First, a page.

Farmers Market at Litchfield still going strong as summer heats up
As summer welcomes visitors to South Carolina’s Hammock Coast beach communities, the Farmers Market at Litchfield is busier than ever.
Located on the front grounds of the Litchfield Beach and Golf Resort, the market is open each Wednesday from 8 a.m.-1 p.m.
Like at any good farmers market, items to be seen – and bought – range from locally grown fruit and vegetables, fresh baked goods, including Southern favorites like homemade Key Lime Pie and cheddar biscuits, to hand-poured soy candles. There are also dog treats made from natural ingredients, hand-crafted jewelry and gifts, and even prehistoric items like teeth from the Megalodon, a giant shark that swam the oceans 20 million years ago but whose massive teeth can still be found along South Carolina rivers and beaches.
The market first opened in the fall of 2021. It was so popular that the resort brought it back in the spring of 2022. Now that the peak summer season is here, the market is as popular as ever.
Resort Manager Benjamin Greene said the farmers market’s future seems bright.
“We wanted to create a community event for people at Litchfield By the Sea and the Pawleys Island area, and we are continuing to grow and evolve this event,” Greene said. “We continue to add vendors and those who have been with us have done really well.”
Customers of the Farmers Market at Litchfield say the variety of items for sale keep them coming back week after week.
Chip and Barb Rodgers, originally from West Virginia, now live in the Pawleys Island area. During a recent visit to Litchfield, they said they enjoyed the variety that the farmers market had to offer.
“I can’t say I was looking for anything in particular that wasn’t here,” Barb Rodgers said. “We found a gift for a friend, and it was nice to find something we could use.”
Chip Rodgers said he enjoyed choosing from the variety of fresh produce at the J&J Farms stand at the market. Rich and Peg Pysar of the Litchfield community agreed, saying they like the fresh vegetables offered at the stand.
“I make pickles and these cucumbers are terrific,” Rich Pysar said. “Once in a while, we will get tomatoes or squash, too.”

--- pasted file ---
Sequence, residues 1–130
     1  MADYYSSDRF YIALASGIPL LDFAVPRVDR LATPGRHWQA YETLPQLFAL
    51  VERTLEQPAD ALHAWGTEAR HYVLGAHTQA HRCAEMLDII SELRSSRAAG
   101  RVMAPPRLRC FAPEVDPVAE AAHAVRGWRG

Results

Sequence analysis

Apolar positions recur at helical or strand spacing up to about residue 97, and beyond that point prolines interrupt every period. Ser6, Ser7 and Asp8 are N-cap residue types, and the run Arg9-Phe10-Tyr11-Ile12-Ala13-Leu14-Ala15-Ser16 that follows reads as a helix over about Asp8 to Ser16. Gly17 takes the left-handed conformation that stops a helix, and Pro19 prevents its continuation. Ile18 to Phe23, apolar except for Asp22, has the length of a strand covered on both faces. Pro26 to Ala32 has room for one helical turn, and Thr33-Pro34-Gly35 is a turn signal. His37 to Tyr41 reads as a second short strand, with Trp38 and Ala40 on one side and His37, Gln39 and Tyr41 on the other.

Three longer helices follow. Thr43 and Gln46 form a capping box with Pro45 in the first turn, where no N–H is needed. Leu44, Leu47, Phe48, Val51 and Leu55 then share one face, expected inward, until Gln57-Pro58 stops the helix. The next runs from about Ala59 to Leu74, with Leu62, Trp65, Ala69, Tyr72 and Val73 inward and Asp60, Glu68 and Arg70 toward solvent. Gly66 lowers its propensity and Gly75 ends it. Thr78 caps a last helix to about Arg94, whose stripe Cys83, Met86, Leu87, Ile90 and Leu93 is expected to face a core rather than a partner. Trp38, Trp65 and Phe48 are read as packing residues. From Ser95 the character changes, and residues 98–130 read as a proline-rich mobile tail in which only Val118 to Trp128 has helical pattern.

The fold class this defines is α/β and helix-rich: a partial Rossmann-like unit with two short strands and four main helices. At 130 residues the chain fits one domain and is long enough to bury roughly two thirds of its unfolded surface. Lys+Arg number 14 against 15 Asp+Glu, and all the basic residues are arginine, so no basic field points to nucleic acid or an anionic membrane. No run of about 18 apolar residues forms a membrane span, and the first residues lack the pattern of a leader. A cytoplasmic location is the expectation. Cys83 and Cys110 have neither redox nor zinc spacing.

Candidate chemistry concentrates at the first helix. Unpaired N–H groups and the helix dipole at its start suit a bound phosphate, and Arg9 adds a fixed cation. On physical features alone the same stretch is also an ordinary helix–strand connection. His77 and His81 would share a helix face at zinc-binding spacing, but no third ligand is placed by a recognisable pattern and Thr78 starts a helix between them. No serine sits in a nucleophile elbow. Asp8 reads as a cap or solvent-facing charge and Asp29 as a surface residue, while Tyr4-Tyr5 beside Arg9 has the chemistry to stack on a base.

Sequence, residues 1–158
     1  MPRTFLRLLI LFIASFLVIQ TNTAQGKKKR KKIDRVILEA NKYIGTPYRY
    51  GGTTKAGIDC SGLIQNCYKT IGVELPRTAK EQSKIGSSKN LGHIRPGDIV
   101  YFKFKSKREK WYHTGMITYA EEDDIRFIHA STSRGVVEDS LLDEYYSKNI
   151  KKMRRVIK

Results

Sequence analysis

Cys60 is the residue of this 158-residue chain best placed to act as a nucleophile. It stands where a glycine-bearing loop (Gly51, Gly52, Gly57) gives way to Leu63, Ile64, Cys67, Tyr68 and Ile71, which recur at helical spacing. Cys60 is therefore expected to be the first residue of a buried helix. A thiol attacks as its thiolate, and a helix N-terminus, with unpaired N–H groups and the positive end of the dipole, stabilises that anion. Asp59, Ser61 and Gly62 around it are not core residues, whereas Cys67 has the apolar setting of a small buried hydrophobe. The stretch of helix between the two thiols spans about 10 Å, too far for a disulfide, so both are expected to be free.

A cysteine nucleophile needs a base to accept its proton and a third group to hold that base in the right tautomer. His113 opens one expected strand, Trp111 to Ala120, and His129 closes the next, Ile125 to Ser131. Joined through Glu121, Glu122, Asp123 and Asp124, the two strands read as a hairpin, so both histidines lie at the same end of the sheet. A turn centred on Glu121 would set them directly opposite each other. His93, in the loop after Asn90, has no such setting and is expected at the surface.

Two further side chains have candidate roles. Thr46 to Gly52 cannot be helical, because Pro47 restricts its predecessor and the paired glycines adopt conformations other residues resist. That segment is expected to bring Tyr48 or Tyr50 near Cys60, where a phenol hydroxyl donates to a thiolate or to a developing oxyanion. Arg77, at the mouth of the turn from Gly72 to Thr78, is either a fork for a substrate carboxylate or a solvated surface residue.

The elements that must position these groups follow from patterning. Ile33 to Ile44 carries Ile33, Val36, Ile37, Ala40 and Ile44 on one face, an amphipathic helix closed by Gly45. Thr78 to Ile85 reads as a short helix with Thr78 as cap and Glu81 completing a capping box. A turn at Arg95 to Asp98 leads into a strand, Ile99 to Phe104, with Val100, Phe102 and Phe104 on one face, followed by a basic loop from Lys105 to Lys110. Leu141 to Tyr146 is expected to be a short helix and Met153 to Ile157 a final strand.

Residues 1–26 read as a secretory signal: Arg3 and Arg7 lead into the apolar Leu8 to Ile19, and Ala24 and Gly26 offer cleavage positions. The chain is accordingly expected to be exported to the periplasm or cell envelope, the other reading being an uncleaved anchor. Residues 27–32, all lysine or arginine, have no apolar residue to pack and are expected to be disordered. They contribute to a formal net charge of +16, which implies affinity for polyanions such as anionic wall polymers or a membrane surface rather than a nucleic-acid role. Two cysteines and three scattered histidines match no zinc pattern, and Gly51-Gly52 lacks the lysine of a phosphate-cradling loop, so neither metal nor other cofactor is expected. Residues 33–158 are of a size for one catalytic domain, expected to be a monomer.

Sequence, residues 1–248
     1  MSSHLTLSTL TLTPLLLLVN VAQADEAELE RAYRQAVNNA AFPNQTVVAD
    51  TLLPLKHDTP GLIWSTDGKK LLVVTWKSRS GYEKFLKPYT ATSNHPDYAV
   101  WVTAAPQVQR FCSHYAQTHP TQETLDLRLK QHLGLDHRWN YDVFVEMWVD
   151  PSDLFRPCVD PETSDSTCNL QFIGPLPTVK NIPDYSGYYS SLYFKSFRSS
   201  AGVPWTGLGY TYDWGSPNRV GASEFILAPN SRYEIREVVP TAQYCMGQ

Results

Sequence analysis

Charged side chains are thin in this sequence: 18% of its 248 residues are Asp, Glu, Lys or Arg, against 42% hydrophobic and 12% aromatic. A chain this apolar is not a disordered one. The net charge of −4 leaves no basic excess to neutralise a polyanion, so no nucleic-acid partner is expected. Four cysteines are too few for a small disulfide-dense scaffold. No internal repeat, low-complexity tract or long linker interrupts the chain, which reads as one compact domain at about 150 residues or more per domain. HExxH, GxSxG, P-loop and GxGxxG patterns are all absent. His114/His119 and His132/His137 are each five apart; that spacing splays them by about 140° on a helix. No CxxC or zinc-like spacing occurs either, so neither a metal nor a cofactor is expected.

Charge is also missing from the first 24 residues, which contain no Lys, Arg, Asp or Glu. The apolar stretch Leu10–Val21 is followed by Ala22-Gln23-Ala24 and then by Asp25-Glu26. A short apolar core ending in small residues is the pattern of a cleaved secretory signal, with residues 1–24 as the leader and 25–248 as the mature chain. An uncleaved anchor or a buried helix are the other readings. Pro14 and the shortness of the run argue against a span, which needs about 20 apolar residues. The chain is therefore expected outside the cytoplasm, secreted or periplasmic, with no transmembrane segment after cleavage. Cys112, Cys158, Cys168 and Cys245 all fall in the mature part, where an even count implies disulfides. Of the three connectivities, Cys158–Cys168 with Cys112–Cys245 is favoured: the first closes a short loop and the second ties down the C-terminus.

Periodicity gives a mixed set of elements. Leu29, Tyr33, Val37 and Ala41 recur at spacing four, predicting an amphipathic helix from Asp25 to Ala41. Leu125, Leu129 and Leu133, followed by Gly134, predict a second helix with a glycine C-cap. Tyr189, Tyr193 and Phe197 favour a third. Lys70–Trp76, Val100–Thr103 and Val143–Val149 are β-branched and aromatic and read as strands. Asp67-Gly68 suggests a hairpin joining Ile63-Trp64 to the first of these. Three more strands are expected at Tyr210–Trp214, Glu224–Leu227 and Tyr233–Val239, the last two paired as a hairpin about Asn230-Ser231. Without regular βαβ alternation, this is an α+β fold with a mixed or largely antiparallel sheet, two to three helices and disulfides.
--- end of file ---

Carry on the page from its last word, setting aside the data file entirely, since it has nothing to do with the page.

Johnny Graham operates the J&J Farms booth at the market. His daughters, Johnise and Jaylia Graham own J&J Farms, but it’s Johnny who operates the booth at markets. He said he enjoys meeting people who attend the farmers market.
“The vendors are very nice, and the customers are good people,” Johnny Graham said. “I tell everyone to come on over to the farmers market.”
Bobbi Gress with Waterside Wicks, which offers candles with clean scents and no chemicals in jelly jars, hand-carved wooden bowls, and clam shells, agreed.
“You get to meet a variety of people,” Gress said. “You have local people coming, plus you have the people from the resort that are coming.”
Brittany Baldassarri with Sweet Shoppe, which has baked goods like short-bread and chocolate chip cookies, and scones, also offers handmade hair barrettes under the name of Brittany’s Barrettes. She said this is the first season she has been with the Farmer’s Market in Litchfield but she likes the atmosphere there.
“It’s like a little community,” she said. “People help each other out.”
Candi Lynn Nichols with Candi’s Treasure Chest is an example of someone who wants to help those around her. She sells Megalodon teeth, which are as much as 50 million years old and found in the rivers near Charleston, as well as massage guns at the farmers market. But she also searches for lost items on the beaches of the Hammock Coast and does the morning weather report on social media called “Cutlass Candi’s Pirate Beach Report.”